Don’t worry, you’re not the only one with glossophobia(also known as speech anxiety or the fear of speaking to large crowds). Sometimes, the anxiety happens long before you even stand on stage.

    Your body’s defence mechanism responds by causing a part of your brain to release adrenaline into your blood – the same chemical that gets released as if you were being chased by a lion.

    Here’s a step-by-step guide to help you overcome your fear of public speaking:

    1. Prepare yourself mentally and physically

    According to experts, we’re built to display anxiety and to recognize it in others. If your body and mind are anxious, your audience will notice. Hence, it’s important to prepare yourself before the big show so that you arrive on stage confident, collected and ready.

    “Your outside world is a reflection of your inside world. What goes on in the inside, shows on the outside.” – Bob Proctor

    Exercising lightly before a presentation helps get your blood circulating and sends oxygen to the brain. Mental exercises, on the other hand, can help calm the mind and nerves. Here are some useful ways to calm your racing heart when you start to feel the butterflies in your stomach:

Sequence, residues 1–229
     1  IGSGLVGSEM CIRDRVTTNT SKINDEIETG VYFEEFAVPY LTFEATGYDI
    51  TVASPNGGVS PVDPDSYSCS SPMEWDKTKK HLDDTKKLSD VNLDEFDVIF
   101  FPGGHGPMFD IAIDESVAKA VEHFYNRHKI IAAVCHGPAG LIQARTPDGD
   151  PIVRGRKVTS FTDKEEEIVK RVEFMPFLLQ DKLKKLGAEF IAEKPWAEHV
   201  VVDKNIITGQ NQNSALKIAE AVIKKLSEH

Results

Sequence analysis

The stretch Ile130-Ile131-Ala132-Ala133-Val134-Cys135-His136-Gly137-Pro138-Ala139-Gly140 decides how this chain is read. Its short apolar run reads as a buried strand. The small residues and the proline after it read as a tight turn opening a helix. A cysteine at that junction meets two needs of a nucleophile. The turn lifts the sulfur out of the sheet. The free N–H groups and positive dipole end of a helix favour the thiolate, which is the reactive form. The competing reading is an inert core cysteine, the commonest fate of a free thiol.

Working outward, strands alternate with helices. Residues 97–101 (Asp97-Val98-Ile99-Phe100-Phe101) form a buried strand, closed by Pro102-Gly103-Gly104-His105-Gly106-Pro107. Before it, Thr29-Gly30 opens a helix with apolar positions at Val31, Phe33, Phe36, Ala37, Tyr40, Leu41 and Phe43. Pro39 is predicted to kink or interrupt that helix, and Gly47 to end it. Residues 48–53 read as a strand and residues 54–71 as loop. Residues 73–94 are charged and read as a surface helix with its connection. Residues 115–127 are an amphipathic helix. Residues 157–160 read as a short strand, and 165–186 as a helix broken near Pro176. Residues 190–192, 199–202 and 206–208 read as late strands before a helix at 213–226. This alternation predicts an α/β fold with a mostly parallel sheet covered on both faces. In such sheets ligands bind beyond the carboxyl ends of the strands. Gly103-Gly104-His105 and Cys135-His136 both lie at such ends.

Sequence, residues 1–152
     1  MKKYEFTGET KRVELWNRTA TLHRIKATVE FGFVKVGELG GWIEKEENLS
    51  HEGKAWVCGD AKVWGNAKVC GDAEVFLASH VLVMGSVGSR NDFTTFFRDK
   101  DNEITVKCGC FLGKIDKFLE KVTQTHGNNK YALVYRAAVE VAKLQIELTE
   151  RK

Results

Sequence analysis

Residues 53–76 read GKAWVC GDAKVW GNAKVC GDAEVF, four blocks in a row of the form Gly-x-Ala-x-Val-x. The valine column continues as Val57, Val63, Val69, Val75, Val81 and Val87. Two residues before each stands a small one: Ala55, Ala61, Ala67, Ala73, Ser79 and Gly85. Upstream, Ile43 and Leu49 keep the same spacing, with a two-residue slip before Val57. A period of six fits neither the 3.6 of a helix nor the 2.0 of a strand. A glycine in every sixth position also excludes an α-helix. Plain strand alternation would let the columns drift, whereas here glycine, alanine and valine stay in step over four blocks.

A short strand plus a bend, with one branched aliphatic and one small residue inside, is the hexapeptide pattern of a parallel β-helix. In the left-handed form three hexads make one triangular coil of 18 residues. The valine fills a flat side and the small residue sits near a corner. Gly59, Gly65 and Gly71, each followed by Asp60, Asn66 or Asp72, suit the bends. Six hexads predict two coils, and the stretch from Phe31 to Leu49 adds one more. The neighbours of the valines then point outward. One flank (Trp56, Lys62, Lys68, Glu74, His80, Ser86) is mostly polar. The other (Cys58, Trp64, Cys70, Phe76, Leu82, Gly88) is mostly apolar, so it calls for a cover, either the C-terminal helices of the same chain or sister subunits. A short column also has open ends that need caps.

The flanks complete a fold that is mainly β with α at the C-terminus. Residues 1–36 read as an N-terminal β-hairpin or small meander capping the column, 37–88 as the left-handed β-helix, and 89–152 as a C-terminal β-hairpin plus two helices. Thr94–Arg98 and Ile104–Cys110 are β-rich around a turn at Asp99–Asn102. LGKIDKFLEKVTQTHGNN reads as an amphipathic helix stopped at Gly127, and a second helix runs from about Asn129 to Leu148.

Warming up

    If you’re nervous, chances are your body will feel the same way. Your body gets tense, your muscles feel tight or you’re breaking in cold sweat. The audience will notice you are nervous.

    If you observe that this is exactly what is happening to you minutes before a speech, do a couple of stretches to loosen and relax your body. It’s better to warm up before every speech as it helps to increase the functional potential of the body as a whole. Not only that, it increases muscle efficiency, improves reaction time and your movements.

    Here are some exercises to loosen up your body before show time:

    Advertising

    1. Neck and shoulder rolls – This helps relieve upper body muscle tension and pressure as the rolls focus on rotating the head and shoulders, loosening the muscle. Stress and anxiety can make us rigid within this area which can make you feel agitated, especially when standing.
    2. Arm stretches – We often use this part of our muscles during a speech or presentation through our hand gestures and movements. Stretching these muscles can reduce arm fatigue, loosen you up and improve your body language range.
    3. Waist twists – Place your hands on your hips and rotate your waist in a circular motion. This exercise focuses on loosening the abdominal and lower back regions which is essential as it can cause discomfort and pain, further amplifying any anxieties you may experience.

    Stay hydrated

    Ever felt parched seconds before speaking? And then coming up on stage sounding raspy and scratchy in front of the audience? This happens because the adrenaline from stage fright causes your mouth to feel dried out.